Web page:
Engaging Adolescent Males in Prevention


In May 2012, in recognition of teen pregnancy prevention month, OAH held an event to elevate the importance of engaging adolescent males in preventing teen pregnancies. Read more about the event here.

An estimated nine percent — or 900,000 — of young men between the ages of 12 and 16 will become fathers before their twentieth birthday, based on a recent survey.[1] Research and data collection efforts have tended to focus on female adolescents. As a result, less is known about the strategies and approaches for effectively engaging males in preventing teen pregnancies or even about their attitudes toward being a father. Clearly, the behavior of adolescent males is also central to preventing teenage pregnancy and childbearing.[2] Research and programs are increasing the focus on the role of males in teenage pregnancy and childrearing. During May 2012, OAH held an event, “Let’s Hear about the Boys: Engaging Adolescent Males in Teen Pregnancy Prevention” to elevate the importance of engaging adolescent males in preventing teen pregnancies. Read more about the event here.

In addition, some experts suggest that efforts to promote responsible sexual behavior need to incorporate ways for adolescents, both males and females, to develop the vital emotional and interpersonal skills necessary for successful relationships, as well as reduce some of the gender stereotypes that shape expectations about behavior.[3]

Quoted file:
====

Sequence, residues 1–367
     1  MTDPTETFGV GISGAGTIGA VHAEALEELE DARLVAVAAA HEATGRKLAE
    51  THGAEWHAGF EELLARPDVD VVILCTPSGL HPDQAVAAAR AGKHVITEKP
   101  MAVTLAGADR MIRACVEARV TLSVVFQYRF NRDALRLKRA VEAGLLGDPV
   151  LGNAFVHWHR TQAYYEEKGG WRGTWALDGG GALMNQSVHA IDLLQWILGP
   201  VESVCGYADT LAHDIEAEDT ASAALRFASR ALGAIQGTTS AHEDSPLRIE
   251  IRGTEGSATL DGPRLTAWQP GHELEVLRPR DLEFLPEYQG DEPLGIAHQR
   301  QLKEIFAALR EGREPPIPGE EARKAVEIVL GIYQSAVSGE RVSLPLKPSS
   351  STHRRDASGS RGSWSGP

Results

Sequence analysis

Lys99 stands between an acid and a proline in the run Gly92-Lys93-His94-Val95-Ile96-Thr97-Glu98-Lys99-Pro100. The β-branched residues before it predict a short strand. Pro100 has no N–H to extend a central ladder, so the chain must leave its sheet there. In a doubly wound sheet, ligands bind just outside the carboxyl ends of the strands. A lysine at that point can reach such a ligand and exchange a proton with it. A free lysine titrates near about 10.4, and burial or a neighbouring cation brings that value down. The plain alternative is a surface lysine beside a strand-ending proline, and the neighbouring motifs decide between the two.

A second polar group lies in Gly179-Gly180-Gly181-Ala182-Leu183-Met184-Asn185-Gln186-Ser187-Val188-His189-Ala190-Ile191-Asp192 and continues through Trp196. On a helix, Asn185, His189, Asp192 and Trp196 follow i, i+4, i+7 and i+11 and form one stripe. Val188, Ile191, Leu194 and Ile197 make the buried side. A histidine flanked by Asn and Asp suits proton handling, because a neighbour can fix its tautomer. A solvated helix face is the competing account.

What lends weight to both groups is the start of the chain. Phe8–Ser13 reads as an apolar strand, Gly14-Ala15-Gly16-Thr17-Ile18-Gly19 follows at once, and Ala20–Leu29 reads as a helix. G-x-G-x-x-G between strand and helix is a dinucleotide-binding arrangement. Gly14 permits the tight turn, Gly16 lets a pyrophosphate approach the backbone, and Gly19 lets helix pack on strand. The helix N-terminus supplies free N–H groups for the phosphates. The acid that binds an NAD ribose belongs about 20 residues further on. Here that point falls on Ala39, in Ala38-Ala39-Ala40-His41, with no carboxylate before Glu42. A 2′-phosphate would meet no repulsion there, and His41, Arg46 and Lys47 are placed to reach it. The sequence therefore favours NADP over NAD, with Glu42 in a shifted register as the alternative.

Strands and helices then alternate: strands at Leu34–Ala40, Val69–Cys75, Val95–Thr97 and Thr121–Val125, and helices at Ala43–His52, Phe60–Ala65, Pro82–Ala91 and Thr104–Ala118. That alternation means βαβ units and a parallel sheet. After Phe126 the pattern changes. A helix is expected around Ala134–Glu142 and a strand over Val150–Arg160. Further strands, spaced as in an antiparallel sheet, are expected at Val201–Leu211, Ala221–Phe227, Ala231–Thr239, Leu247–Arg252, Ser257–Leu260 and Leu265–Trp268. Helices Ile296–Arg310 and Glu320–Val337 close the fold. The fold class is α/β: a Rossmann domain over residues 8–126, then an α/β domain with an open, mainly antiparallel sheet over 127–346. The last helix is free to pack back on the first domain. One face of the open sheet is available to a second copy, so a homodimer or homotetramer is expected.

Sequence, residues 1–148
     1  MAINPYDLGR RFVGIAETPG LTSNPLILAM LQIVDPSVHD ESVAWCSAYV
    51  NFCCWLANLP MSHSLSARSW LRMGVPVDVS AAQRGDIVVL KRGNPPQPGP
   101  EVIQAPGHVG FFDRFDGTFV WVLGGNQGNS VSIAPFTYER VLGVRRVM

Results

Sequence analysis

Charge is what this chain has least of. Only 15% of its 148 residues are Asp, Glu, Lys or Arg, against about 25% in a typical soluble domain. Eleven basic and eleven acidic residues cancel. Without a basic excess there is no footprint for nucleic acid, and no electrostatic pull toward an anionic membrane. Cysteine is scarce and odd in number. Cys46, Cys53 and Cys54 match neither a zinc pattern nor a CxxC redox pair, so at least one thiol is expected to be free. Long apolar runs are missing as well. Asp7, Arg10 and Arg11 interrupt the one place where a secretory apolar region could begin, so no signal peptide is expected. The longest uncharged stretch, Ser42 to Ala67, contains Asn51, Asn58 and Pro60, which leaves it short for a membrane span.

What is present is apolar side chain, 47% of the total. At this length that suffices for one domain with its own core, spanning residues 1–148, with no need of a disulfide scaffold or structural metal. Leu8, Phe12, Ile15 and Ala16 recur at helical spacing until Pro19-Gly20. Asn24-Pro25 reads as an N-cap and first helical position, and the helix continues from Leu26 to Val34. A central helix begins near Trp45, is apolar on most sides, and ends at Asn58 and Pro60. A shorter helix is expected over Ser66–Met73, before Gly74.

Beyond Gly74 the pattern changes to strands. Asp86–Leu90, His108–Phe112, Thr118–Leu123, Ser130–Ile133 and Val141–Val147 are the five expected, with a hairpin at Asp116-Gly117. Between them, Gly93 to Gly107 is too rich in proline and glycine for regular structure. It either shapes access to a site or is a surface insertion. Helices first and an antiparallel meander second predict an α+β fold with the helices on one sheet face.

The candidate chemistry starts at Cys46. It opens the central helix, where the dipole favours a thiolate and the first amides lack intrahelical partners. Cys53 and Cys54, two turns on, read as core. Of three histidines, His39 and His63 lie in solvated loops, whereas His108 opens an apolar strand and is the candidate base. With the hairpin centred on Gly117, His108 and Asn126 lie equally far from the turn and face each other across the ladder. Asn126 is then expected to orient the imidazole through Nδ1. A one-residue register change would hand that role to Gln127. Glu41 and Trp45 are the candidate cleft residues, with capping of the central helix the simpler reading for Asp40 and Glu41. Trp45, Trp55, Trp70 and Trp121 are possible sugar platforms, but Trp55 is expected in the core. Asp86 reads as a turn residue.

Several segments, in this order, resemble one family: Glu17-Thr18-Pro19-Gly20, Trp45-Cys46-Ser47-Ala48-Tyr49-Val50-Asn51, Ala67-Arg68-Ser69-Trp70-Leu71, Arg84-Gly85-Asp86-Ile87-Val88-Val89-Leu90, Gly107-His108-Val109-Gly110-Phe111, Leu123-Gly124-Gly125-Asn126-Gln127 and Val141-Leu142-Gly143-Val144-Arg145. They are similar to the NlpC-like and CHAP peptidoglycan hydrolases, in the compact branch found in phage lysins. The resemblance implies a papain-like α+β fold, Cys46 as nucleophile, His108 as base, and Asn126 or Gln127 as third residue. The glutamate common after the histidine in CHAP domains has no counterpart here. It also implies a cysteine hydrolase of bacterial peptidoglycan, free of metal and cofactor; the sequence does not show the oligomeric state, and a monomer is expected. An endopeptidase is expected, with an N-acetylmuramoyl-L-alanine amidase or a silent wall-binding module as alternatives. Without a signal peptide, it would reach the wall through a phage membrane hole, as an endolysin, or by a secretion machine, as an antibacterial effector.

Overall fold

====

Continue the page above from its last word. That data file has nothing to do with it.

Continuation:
[1]Scott, M. E., Steward-Streng, N. R., Manlove, J., & Moore, K. A. (2012). The characteristics and circumstances of teen fathers: At the birth of their first child and beyond. Washington, DC: Child Trends. Retrieved May 13, 2014, from http://www.childtrends.org/wp-content/uploads/2013/03/Child_Trends-2012_06_01_RB_TeenFathers.pdf
[2]Manlove, J., Terry-Humen, E., Ikramullah, E., & Holcombe, E. (2008). Sexual and reproductive health behaviors among teen and young adult men: A descriptive portrait. (Research Brief). Washington, DC: Child Trends. Retrieved July 28, 2014, from http://www.childtrends.org/wp-content/uploads/2008/10/Teen-Sexual-Health.pdf
[3]Barber, B., & Eccles, J. (2003). The joy of romance: Healthy adolescent relationships as an educational agenda. In P. Florsheim (Ed.), Adolescent romantic relations and sexual behavior: Theory, research, and practical implications (pp. 355-370). Mahwah, NJ: Lawrence Erlbaum Associates.


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Last updated: August 15, 2014